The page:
Writer/director Taylor Sheridan, in his interview to Rolling Stone Magazine, remarks ‘how doing bit parts in procedural television has allowed him to study its basic structure and its limitations’. While the central mystery weaved by Sheridan is imbued with certain generic elements, he attempts to transcend the alleged constraints by scrutinizing the community’s ostracized status rather than simply use the wintry lands as idiosyncratic backdrop. Sheridan says it is why he took over direction since he was worried that any hired film-maker may eschew the issues faced by Native Americans to highlight two white American’s heroics. It is true that Sheridan has treated the reservation inhabitants with respect and pondered over the issues with sensitivity. But there’s a feeling that it’s overwritten and certain directorial choices seems a bit on-the-nose, lacking the visual acuity of Denis Villeneuve or David MacKenzie. For example, the scene towards the end when Lambert laments on hardships of living in the res with dull platitudes (the writer sneaks-in wolf remark too) to Jane or an earlier scene when Lambert explains to Martin on facing the grief of losing a child. The words, of course appear to be well-penned, but it doesn’t do much in terms of visuals or deepen the characters or at least move forward the plot.

The missteps, however, is understandable taking into account that this is Sheridan’s full directorial debut (he worked as director-for-hire in the mediocre independent horror Vile in 2011). And, Sheridan cooks up few interestingly powerful and subtle visual compositions. Although the backstory which solves the mystery is as elementary as depicted in cheap crime fictions, the director frames the sudden escalation into violence in a very haunting manner. While the blurred vision shoot-out in the dilapidated house of young Native American verges on gimmick (the action combines the tense opening shoot-out in Sicario and final pitch-dark sequence in Silence of the Lambs), the build-up to the bloody encounter between private security forces at an oil company and the police force was sharply executed. Even though Sheridan showcases an act of revenge and vigilantism in the end, he keeps an artful distance so as to shun the viewers from anticipated catharsis. The director rather chooses to finish the narrative with a simple yet very thoughtful final shot: a Cowboy and Indian who in the past centuries had fought on opposite sides, sit side by side, indifferently gazing at the vast landscape, and share their inner pain and heartbreaks in that lingering, unforgettable moment. This shot effortlessly convey the agony and grief of America’s most marginalized than the earlier barrage of words.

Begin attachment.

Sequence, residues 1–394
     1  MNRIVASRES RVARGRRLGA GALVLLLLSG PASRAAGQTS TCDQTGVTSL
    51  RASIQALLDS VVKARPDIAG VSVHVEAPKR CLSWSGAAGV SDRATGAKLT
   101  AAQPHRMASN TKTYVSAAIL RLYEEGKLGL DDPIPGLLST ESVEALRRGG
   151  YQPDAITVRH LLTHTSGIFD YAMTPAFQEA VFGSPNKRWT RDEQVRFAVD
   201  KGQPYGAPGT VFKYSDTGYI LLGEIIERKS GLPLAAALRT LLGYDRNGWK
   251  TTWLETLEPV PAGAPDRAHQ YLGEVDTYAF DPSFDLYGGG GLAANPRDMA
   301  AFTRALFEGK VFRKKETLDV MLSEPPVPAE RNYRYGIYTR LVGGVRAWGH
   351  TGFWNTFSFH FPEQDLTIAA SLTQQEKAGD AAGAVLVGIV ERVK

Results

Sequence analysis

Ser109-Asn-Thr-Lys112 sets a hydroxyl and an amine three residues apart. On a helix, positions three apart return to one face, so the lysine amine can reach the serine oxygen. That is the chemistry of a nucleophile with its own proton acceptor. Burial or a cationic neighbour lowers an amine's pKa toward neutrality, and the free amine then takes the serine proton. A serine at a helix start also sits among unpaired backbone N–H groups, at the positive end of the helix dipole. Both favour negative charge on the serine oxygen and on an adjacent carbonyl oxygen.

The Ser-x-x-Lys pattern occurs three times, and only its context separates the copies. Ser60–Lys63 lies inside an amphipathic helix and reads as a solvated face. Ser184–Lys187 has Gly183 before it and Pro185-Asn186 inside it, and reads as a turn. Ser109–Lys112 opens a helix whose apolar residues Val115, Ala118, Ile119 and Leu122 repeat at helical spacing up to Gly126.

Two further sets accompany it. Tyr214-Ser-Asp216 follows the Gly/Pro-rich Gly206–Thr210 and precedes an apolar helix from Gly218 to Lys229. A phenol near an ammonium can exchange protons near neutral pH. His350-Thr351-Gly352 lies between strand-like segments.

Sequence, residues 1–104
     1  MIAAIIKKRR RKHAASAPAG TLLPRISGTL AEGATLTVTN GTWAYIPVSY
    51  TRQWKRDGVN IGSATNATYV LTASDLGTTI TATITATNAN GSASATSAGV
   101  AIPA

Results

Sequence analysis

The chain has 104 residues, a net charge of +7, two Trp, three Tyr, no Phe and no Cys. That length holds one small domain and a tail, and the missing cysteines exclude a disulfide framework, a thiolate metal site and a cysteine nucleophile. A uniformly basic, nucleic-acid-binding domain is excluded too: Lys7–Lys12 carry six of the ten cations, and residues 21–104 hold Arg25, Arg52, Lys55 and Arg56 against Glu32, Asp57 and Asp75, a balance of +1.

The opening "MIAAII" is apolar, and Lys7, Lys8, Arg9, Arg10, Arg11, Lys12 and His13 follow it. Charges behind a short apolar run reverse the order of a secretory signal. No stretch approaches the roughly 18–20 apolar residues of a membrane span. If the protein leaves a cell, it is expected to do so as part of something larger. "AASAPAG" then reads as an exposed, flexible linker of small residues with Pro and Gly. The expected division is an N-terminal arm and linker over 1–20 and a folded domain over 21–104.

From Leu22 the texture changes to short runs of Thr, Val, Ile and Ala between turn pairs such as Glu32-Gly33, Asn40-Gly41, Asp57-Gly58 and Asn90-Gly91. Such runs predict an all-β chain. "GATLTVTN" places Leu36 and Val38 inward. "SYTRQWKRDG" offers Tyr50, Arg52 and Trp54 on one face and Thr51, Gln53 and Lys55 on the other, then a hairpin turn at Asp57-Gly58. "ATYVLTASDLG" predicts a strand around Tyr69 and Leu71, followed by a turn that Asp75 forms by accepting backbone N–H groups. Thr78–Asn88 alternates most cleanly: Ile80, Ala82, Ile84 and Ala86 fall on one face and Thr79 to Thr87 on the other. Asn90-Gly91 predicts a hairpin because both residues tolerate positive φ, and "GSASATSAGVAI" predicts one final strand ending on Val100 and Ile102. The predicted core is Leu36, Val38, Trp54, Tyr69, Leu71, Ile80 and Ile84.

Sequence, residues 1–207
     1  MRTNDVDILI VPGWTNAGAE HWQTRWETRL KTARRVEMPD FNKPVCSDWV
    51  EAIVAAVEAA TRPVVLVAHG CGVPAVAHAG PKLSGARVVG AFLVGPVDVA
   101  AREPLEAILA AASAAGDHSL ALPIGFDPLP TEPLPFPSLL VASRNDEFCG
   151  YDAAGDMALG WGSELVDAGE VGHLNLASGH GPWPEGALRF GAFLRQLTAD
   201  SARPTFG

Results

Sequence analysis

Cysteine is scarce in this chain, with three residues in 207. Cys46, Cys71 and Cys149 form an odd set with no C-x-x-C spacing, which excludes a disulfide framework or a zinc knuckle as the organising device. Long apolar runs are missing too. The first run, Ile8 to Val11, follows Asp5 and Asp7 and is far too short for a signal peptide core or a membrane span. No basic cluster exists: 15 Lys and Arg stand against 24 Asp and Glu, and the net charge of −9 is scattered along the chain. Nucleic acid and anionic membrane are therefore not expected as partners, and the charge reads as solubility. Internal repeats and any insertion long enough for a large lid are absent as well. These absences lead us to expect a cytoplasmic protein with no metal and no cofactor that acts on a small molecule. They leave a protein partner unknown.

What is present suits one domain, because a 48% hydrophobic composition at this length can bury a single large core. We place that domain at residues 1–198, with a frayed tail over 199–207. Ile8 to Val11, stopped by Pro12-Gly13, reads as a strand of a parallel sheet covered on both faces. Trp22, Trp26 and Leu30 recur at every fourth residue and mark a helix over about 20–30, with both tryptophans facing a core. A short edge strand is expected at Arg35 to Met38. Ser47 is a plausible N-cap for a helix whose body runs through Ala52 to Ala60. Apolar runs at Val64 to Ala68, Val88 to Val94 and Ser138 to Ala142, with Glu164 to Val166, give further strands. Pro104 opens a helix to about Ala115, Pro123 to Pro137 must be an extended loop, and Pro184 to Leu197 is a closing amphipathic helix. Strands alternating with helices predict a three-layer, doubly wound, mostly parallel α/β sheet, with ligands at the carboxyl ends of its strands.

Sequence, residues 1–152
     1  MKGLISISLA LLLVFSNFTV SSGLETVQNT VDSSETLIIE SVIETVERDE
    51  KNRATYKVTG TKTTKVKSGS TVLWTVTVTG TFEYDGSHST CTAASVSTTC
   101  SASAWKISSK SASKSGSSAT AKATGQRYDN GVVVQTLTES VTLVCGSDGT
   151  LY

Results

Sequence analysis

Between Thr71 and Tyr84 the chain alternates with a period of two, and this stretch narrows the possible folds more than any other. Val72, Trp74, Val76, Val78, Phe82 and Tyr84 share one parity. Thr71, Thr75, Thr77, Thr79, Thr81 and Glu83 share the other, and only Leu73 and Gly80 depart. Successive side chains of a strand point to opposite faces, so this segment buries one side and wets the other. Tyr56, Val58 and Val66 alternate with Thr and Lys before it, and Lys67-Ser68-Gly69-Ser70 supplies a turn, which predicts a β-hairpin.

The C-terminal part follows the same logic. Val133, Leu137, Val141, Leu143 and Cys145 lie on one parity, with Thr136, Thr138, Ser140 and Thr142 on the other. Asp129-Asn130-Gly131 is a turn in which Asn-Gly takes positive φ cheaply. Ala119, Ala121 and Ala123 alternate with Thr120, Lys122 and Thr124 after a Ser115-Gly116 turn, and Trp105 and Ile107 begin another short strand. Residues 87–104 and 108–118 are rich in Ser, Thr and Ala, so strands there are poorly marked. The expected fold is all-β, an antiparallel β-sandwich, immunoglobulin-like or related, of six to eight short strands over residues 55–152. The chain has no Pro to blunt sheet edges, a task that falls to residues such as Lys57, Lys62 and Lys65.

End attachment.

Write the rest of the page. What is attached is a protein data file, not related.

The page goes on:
Jeremy Renner’s central performance brings emotional kick to the proceedings and Olsen effectively takes on the role of clueless outsider, despite the underwritten nature of the character. The Native American cast does a commendable job, especially Gil Birmingham (was great in Hell or High Water too) who perfectly reflects the isolation and benumbed emotional surface of the people restricted to reservation. Director Sheridan acknowledges the difficulties in securing funds for these social conscience-driven crime sagas by going for Native American protagonist (Ivan Sen’s Aboriginal detective Jay Swan in Mystery Road & Goldstone was welcome respite from movies that perceives marginalized societies from the limited gaze of white insider or outsider). Sheridan, however, hopes that with promising native actors like Gil Birmingham there would be soon be a total change in point-of-view.

With Wind River (110 minutes), writer-turned-director Taylor Sheridan moves from volatile, sweltering lands of Sicario and Hell or High Water to a frozen yet equally precarious atmosphere of Indian Reservation. The mystery plotting at its centre remains very economical and familiar, but the narrative gains strength through its honest inspection of contemporary Native Americans’ lamentable existence.

★½

 

New Republic Review

Director Taylor Sheridan Interview — Globe and Mall

Taylor Sheridan Interview — Collider